Writing PHP - 4: Forms

No need for CGI access

PHP can handle forms internally - there is no need to write or setup a Perl script, no need for cgi-bin access and no need to learn an extra language. You can write a PHP file to receive the form and process it, or you can store the special PHP variable called $_SERVER["PHP_SELF"] in a temporary variable (in this case $self = /php/form.php) and post the form back to the same script! To post a form back to itself, just create a hidden field in the form. If the variable from that field is NOT set, then the form has not been submitted. If it is set, the script should go ahead and process the contents of the form. Consider this form:

<form method="post" action="$self"><div>
Name: <input type="text" name="myname" value="$myname">
<input type="hidden" name="os" value="ds">
<input type=submit value="Go!"></div>
</form>

This code results in the following form: (Check the source of this page for confirmation.) Enter your name and click Go! for a demonstration.

 
Name:

Enter your name and it will be displayed here once you click Go!

PHP creates matching variables for all input fields in the form where a name is specified. These variables will be stored in two special arrays - $_POST[] and $_GET[]. GET[] refers to the query string in the URL - the bit after the ?. POST[] contains data from the submitted form where the method attribute is set to post. To retrieve the values of the variables, use $variable = POST["variablename"]; In this form, the variable $os is being used in both the posted form data and the query string, so a little bit of logic is required to allow the GET[] setting to override the POST[]. This is to allow a link on this page to reset the form by using the query string and GET[] to clear the $os variable. If the query string does not contain a value for $os, then $os is set to the value from the posted form data, if any.

$os = $_GET["os"];
if(!(isset($os))) {
	$os = $_POST["os"];
}
$myname = $_POST["myname"];

Note that the myname input has a default value set as $myname. When PHP outputs this form, it will insert the current value of $myname as the default value for the input itself. This is very useful for long forms where the visitor forgets to enter a required field - the rest of the fields can be restored automatically, a kind of auto-complete or form-memory. The Demo form (with or without cookies) demonstrates the use of default values by restoring the entire form. All that remains for the sample form on this page is to add a simple 'if' command to check if the form has already been submitted:

if ($os=="ds") {
echo "Your name is $myname.";}

You don't have to re-display the form, it all depends on how you use the if ($os="ds") {} test. You can put the test at the top of the file and generate a completely different page - using the values from the form. The form itself then resides inside an else {} block - if the os=ds test fails, the else block is executed and the form is displayed. In effect, one PHP file contains 2 or more pages. This can also be used to force a reset of the form. Note that if you use default values as a form-memory, when the visitor clicks your Reset button, the form will NOT be cleared - the Reset button will simply reset each field to the default value - i.e. it will undo any changes and re-instate the memorised form. To clear the fields within the form, you can use the QUERY_STRING - the strange bit at the end of a WWW URL which includes lots of ? & = and + signs. The os=ds test can be used to clear the entire form by forcing the test to fail. So even though the form has been submitted, if you submit a different value for os it will override the value from the previous form and the script will display a new form with no default values set.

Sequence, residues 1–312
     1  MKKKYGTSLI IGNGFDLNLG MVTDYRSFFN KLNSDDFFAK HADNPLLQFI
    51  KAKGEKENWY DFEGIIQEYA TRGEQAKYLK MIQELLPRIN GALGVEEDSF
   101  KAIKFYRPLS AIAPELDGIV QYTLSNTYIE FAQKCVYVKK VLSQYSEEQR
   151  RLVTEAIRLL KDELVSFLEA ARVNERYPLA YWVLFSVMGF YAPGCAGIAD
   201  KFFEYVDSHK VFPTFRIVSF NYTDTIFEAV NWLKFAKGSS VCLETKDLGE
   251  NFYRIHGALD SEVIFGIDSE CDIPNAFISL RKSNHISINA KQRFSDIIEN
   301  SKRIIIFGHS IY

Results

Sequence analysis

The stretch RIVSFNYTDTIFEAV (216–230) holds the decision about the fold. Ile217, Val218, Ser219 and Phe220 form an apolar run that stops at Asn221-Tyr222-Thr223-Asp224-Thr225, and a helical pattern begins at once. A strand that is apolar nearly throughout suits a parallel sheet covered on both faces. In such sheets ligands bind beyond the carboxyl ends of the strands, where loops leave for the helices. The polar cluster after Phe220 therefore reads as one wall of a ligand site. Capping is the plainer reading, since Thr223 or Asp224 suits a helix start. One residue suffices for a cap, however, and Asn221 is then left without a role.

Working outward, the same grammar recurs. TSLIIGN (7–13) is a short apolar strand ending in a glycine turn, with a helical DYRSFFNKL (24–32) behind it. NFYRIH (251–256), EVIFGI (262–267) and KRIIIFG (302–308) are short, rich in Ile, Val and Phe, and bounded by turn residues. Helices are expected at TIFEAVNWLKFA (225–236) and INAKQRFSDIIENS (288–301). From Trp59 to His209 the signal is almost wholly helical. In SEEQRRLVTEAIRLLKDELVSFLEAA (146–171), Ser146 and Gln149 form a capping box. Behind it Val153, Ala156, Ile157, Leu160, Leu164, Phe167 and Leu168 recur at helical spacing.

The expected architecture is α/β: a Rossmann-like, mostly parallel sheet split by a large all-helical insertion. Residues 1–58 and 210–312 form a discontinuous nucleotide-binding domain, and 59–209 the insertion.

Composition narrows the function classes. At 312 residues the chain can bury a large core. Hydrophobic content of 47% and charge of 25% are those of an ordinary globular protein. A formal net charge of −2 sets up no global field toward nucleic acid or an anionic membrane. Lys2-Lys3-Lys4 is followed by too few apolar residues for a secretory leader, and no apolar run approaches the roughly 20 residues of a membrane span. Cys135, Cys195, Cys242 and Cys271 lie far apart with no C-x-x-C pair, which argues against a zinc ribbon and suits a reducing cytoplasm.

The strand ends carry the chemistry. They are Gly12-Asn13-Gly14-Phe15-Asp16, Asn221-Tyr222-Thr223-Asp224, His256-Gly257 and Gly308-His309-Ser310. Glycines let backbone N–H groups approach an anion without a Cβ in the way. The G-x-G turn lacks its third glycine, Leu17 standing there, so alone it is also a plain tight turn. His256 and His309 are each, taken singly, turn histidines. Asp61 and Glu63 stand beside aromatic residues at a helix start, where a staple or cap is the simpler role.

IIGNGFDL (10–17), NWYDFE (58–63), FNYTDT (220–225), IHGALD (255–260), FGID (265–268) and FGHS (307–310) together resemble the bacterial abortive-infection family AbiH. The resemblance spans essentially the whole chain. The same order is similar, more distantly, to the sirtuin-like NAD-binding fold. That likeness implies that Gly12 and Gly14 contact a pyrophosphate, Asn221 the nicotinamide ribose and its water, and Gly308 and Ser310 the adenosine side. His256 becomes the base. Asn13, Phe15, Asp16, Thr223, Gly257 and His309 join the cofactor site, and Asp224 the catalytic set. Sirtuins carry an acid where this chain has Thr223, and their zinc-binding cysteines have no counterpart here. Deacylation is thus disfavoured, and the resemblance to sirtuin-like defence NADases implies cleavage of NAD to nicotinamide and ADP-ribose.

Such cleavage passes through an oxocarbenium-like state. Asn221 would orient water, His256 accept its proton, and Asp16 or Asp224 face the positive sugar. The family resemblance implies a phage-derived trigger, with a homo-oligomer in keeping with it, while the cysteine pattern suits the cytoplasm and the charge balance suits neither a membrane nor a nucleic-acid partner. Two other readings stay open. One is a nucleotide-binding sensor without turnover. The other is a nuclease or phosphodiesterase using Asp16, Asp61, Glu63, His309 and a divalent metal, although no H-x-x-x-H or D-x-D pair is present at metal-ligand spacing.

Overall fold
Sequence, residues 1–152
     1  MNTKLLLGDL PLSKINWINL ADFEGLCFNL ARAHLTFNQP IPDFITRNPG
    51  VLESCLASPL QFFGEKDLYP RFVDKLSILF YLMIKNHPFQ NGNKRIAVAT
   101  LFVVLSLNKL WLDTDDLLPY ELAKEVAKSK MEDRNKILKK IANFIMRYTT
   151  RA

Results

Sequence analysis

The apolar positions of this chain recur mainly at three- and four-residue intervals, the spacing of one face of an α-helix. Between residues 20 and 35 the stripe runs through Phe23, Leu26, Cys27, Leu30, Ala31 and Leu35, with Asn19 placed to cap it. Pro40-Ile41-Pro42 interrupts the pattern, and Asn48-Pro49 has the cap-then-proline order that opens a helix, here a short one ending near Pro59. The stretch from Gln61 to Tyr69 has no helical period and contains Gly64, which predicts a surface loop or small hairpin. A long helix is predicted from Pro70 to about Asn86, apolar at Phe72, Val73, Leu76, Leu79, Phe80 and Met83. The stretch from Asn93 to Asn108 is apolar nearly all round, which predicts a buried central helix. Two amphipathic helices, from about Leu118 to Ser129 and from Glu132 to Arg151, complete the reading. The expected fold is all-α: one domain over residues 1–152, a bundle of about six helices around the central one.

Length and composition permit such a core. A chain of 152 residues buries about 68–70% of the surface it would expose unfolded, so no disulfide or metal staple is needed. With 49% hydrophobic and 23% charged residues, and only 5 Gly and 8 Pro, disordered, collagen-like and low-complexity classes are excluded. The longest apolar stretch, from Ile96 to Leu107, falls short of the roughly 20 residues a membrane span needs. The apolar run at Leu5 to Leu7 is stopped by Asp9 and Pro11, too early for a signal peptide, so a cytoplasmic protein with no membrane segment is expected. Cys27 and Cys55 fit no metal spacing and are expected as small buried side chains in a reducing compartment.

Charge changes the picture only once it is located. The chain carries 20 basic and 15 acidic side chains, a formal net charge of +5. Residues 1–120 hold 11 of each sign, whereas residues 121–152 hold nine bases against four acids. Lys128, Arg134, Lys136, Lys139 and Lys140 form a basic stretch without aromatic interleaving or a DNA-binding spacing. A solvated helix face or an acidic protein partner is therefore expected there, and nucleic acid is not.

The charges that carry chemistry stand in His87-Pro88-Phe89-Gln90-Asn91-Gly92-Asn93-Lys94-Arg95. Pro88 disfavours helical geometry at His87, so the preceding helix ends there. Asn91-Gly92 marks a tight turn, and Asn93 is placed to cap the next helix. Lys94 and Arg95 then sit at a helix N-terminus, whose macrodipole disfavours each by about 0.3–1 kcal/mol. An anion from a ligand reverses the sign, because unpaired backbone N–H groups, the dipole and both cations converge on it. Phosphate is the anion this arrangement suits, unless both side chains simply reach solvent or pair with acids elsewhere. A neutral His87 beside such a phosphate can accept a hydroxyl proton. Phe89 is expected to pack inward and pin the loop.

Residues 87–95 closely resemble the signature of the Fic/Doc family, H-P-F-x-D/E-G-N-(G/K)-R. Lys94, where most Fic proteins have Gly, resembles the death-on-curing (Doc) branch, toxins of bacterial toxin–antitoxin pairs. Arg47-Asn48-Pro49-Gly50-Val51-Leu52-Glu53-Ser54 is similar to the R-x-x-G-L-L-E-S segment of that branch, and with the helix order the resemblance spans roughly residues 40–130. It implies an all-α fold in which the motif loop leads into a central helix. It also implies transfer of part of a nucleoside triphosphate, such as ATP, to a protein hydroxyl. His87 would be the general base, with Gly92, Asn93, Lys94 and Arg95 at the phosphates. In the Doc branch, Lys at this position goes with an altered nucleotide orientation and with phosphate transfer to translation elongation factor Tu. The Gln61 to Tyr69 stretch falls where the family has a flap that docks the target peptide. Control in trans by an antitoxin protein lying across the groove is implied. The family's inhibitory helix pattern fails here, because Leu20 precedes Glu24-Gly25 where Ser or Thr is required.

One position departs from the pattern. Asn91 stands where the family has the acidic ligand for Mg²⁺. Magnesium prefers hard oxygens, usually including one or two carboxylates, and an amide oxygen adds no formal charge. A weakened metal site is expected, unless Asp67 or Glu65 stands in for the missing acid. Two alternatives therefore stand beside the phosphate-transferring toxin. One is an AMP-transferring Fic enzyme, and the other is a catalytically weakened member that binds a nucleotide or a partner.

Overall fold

<a href="$self?os=0">Reset form</a>

The query-string is the os=0. Any PHP file can receive a query-string in this way. The value of the variable will be stored in $_GET[] using the name given in the query string, so $os is retrieved from $_GET["os"]. So in the PHP file, $os is set to zero. The os=ds test now fails, so the script outputs a new form - just as if the form hadn't been submitted at all. The first time the PHP file is loaded, $os has no value. If you test for a variable that has no value assigned or has not been created, PHP will return the same result as if the value was assigned to zero. A better way of testing for this is to use !(isset($os)). The !(isset()) means to test for the existence of the variable and if the variable does not exist, return true. View these tests before and after submitting the form and after resetting the form.

# no $os variable exists
if (!$os) {echo "true"}  # true
if ($os==0) {echo "true"}  # true
if (!(isset($))) {echo "os has not been set" } # os has not been set

# create the $os variable and assign zero
# (without clearing any existing setting.)

if (!(isset($os))) { $os=0; }

# test again

if (!$os) {echo "true"}   # true
if ($os==0) {echo "true"}  # true
if (!(isset($os))) {echo "os has not been set" } # os is set $os = 0

[ Reset the form ] [ Show the form ]



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